Before Orientation Week, a group of about fifty new freshmen arrive on campus ahead of their classmates to participate in leadership, conflict resolution, and community service activities in a program called the Evergreen Student Civic Engagement Institute, or ESCEI. The fifth annual class of ESCEI students came through recently to commence the new school year.
Students in this program commit to assigned reading, radio listenings, volunteer activities, workshops, performances and field trips to prepare for their education at Evergreen. Alumni play a major role throughout the week as they lead students through workshops and local tours.
For example, Laura Coghlan ’94 MPA ’11 and Amadou Ba ’06 MPA ’08, two researchers at Evergreen, led a workshop on thinking critically about statistics called Talk Data to Me!, “We hoped to help ESCEI students… to examine the different ways data can be used/misused to support a claim,” says Ba. “ESCEI is important to new students because it gives them a good base as they are designing and thinking critically about their education at Evergreen. We were very delighted to see the students engage critically with data during the workshop.”
In addition, Ellen Shortt Sanchez ’92, director of Evergreen’s Center for Community Based Learning and Action (CCBLA), worked with the nonprofit Books to Prisoners to organize a volunteer session sending literature to under-served incarcerated people. Evergreen’s mental health therapist Jamyang Tsultrim ’92 helped lead a lesson on self-care through a shinrin yoku, a meditative walk through Evergreen’s forest. Delbert Miller ’96 led teachings and stories as an elder and spiritual leader of the Skokomish Tribe.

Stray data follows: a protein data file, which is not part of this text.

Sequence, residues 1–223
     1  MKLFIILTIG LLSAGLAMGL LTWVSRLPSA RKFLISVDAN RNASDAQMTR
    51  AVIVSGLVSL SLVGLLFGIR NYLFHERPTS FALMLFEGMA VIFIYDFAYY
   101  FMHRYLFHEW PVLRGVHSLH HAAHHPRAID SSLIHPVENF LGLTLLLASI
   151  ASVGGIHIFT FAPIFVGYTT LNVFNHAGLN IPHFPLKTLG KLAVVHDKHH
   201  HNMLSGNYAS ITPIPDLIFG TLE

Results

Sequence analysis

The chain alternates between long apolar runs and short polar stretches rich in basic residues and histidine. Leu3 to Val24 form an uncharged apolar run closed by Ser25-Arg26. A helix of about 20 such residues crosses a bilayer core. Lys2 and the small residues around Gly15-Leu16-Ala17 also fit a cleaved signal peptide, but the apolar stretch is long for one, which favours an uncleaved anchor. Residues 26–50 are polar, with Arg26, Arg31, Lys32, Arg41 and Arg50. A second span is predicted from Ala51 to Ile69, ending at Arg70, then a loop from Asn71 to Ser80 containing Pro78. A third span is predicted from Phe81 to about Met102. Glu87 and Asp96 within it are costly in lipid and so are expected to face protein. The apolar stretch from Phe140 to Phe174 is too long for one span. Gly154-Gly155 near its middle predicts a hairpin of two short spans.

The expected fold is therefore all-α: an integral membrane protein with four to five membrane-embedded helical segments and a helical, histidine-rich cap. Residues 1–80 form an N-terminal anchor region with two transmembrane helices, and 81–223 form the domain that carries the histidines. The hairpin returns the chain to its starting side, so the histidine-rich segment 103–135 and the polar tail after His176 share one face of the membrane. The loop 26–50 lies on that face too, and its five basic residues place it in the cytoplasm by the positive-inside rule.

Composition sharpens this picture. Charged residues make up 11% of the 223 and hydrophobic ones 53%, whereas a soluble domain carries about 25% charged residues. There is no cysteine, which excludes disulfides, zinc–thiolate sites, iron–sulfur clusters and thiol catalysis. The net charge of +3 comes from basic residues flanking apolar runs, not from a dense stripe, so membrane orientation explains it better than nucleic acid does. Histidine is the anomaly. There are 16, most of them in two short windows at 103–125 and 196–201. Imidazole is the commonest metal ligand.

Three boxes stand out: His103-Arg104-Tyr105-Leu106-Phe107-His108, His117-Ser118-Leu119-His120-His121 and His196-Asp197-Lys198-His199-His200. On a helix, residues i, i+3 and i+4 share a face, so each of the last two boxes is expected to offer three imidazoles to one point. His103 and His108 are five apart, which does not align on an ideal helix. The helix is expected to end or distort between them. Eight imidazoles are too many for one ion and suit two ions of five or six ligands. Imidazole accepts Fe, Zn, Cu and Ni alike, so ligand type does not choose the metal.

The institute was inspired by Evergreen Trustee and donor Fred Goldberg, who felt strongly that civic engagement and civil dialogue should be integral aspects of a college education. ESCEI was launched in 2013, thanks to Goldberg’s generosity. The institute gives students alternate paradigms to the often-polarized and frustrating levels of American discourse.
Students depart the institute ready to deeply engage with their education and their community. As a matter of fact, the requirements include carrying out a community service project of their choice into Fall Quarter. This could be a continuation of volunteer work started during the week or other work that students are passionate about; done in groups or individually.
The group reunites in November to share projects and reflect. If all coursework is completed and satisfactory, participants receive two credits. The first of many!
If you are interested in supporting the Evergreen Student Civic Engagement Institute, contact firstname.lastname@example.org.
If you would like to learn more about ESCEI, visit http://www.evergreen.edu/civicengagement